Pretty soon, powering your tablet could be as simple as wrapping it in cling wrap. A Univ. of Toronto team has invented a new way to spray solar cells onto flexible surfaces using miniscule light-sensitive materials known as colloidal quantum dots (CQDs)—a major step toward making spray-on solar cells easy and cheap to manufacture.
Researchers from North Carolina State Univ. have developed a new lithography technique that uses nanoscale spheres to create 3-D structures with biomedical, electronic and photonic applications. The new technique is significantly less expensive than conventional methods and does not rely on stacking 2-D patterns to create 3-D structures.
Researchers at Yale Univ. have joined forces with a leading 3-D biology company, Organovo, to develop 3-D printed tissues for transplant research. As the number of donors for vital tissue and organ transplants decreases worldwide and the demand for transplants increases, 3-D bioprinting technology offers a solution to a long-standing and growing problem.
Purdue Univ. announced that GE Global Research will invest up to $10 million in a five-year partnership focused on R&D in advanced manufacturing. The GE/Purdue Partnership in Research and Innovation in Advanced Manufacturing will push a new era in manufacturing, promoting technologies that enable the digitization, decentralization and democratization of manufacturing to lower cost, improve speed and drive innovation.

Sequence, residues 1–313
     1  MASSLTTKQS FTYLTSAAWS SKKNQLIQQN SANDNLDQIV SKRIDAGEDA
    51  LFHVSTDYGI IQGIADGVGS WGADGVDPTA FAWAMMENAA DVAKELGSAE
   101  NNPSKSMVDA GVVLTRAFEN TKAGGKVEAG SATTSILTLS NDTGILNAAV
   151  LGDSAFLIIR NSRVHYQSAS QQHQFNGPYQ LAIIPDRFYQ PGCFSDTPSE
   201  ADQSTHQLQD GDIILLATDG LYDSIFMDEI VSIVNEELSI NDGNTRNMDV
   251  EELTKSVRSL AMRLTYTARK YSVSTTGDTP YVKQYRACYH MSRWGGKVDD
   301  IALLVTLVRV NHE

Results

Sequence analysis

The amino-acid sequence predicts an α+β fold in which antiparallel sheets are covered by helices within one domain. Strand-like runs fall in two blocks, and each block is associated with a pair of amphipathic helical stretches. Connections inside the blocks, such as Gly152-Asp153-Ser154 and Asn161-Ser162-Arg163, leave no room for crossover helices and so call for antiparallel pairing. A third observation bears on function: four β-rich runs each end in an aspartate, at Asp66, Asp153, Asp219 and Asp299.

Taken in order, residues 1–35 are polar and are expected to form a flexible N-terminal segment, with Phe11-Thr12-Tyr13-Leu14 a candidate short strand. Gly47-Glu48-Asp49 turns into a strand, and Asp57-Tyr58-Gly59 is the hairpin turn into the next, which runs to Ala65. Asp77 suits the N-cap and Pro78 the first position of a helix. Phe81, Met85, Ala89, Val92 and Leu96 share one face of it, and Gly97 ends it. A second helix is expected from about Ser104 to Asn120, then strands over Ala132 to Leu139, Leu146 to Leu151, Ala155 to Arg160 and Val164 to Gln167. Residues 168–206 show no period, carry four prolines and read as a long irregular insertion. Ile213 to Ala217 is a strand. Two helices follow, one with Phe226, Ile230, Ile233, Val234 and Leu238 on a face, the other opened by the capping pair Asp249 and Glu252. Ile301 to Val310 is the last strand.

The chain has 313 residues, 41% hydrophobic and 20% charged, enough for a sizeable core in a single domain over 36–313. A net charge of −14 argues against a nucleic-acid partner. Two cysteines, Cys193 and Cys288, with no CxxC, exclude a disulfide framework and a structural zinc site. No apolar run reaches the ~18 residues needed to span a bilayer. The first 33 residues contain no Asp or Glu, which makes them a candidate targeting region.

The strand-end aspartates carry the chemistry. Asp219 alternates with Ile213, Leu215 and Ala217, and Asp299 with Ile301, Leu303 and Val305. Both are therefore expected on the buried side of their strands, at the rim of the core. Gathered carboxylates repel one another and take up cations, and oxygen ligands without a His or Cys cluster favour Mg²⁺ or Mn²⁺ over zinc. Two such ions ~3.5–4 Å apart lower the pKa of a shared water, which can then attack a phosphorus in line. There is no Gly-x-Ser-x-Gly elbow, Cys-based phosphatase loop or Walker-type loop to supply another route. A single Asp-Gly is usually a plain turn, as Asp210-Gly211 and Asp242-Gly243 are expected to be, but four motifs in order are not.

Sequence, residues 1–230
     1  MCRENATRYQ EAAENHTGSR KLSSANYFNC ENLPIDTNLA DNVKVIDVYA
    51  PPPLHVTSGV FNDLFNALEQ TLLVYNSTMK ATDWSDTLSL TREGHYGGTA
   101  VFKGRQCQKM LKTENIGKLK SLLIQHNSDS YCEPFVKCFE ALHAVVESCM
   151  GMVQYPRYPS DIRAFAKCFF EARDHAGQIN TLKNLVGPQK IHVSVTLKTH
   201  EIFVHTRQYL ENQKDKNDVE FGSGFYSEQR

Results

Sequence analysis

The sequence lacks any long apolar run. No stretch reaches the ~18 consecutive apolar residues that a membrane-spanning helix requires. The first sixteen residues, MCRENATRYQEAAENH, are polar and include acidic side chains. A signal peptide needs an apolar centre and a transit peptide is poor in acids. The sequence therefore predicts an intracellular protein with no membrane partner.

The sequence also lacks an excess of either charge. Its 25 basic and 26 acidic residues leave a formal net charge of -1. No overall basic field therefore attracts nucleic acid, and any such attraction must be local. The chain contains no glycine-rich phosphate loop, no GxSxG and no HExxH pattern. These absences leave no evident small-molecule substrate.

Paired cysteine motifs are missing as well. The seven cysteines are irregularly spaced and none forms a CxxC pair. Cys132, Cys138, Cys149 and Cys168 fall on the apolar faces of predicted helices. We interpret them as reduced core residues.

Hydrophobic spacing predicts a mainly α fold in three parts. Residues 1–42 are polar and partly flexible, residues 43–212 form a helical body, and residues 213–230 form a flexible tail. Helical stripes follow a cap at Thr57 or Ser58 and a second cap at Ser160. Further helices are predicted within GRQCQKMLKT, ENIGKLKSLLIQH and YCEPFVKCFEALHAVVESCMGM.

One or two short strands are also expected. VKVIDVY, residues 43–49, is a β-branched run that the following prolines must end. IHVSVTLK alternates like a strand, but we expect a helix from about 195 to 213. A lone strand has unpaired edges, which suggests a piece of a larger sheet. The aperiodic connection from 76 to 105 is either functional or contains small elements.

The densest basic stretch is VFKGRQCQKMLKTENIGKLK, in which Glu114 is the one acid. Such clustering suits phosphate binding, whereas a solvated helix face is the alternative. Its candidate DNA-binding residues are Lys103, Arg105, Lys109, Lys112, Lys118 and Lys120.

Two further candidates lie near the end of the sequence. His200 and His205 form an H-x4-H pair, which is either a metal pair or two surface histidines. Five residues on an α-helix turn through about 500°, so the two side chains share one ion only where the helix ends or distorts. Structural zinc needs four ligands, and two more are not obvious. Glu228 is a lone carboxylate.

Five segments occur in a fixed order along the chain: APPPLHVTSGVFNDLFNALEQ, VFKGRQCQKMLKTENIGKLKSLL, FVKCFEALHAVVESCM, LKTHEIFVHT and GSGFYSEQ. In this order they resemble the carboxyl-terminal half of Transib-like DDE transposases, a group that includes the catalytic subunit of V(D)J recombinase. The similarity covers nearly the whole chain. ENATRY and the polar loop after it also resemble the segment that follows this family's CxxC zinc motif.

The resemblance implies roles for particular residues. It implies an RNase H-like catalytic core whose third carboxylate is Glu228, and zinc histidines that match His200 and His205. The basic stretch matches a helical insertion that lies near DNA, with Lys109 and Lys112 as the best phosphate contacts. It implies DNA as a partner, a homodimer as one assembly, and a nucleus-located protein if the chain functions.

A Univ. of Texas at Dallas professor applied robot control theory to enable powered prosthetics to dynamically respond to the wearer’s environment and help amputees walk. In recently published research, wearers of the robotic leg could walk on a moving treadmill almost as fast as an able-bodied person.
An ultra-stable, ultra-thin bonding technology has been adapted by researchers for use as a super-strong vacuum seal. Though it is less than 100 nm thick, the bond can withstand pressure up to 2 megapascals, and its drift, or how much it shifts over time, is on the order of less than 3 trillionths of a meter per hour.
Bathymetric lidars are used today primarily to map coastal waters. At nearly 600 lbs, the systems are large and heavy, and they require costly, piloted aircraft to carry them. A team at the Georgia Tech Research Institute has designed a new approach that could lead to bathymetric lidars that are much smaller and more efficient than the current full-size systems.